I suspended with silk a cork ball, about the bigness of a pea, and presented to it rubbed amber, sealingwax, and sulphur, by each of which it was strongly repelled; then I tried rubbed glass and China, and found that each of these would attract it, until it became electrified again, and then it would be repelled as at first; and, while thus repelled by the rubbed glass or China, either of the others when rubbed would attract it. Then I electrified the ball, with the wire of a charged phial, and presented to it rubbed glass (the stopper of a decanter) and a China tea-cup, by which it was as strongly repelled as by the wire; but, when I presented either of the other rubbed electrics, it would be strongly attracted, and. when I electrified it by
Vol. v. 35
either of these, till it became repelled, it would be attracted by the wire of the phial, but be repelled by its coating.
These experiments surprised me very much, and have induced me to infer the following paradoxes.
1. If a glass globe be placed at one end of a prime conductor, and a sulphur one at the other end, both being equally in good order, and in equal motion, not a spark of fire can be obtained from the conductor; but one globe will draw out, as fast as the other gives in.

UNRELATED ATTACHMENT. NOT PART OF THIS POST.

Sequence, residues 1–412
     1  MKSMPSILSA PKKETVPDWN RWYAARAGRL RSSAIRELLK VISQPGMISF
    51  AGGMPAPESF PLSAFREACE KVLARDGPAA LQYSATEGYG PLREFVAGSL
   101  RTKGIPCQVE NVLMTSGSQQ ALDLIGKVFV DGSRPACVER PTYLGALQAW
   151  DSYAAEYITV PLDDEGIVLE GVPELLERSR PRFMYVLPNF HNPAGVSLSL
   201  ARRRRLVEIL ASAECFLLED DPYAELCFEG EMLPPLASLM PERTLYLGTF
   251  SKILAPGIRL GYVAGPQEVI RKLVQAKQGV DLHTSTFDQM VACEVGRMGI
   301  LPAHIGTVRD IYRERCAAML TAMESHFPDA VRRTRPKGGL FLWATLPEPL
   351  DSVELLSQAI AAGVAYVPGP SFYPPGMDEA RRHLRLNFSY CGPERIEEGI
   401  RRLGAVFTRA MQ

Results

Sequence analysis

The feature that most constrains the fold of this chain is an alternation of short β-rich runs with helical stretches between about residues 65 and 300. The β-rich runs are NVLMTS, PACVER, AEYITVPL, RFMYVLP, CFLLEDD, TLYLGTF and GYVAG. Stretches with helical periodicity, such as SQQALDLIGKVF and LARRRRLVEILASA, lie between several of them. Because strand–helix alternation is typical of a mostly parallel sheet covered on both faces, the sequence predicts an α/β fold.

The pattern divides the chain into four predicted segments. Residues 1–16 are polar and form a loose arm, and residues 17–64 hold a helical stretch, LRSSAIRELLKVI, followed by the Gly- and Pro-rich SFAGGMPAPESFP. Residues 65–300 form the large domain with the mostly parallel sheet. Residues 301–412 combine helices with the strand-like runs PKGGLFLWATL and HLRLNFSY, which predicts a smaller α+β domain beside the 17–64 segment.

2. If a phial be suspended on the conductor, with a chain from its coating to the table, and only one of the globes be made use of at a time, twenty turns of the wheel, for instance, will charge it; after which, so many turns of, the other wheel will discharge it; and as many more will charge it again.
3. The globes being both m motion,, each having a separate conductor, with a phial suspended on one of them, and the chain of it fastened to the other, the phial will become charged; one globe charging positively, the other negatively.
4. The phial being thus charged, hang it in like manner on the other conductor; set both wheels a going again, and the same number of turns that charged it before will now discharge it; and the same number, repeated, will charge it again.
5. When each globe communicates with the same prime conductor, having a chain hanging from it to the table, one of them, when in motion, (but which I cannot say,) will draw fire up through the cushion, and discharge it through the chain; the other will draw it up through the chain, and discharge it through the cushion.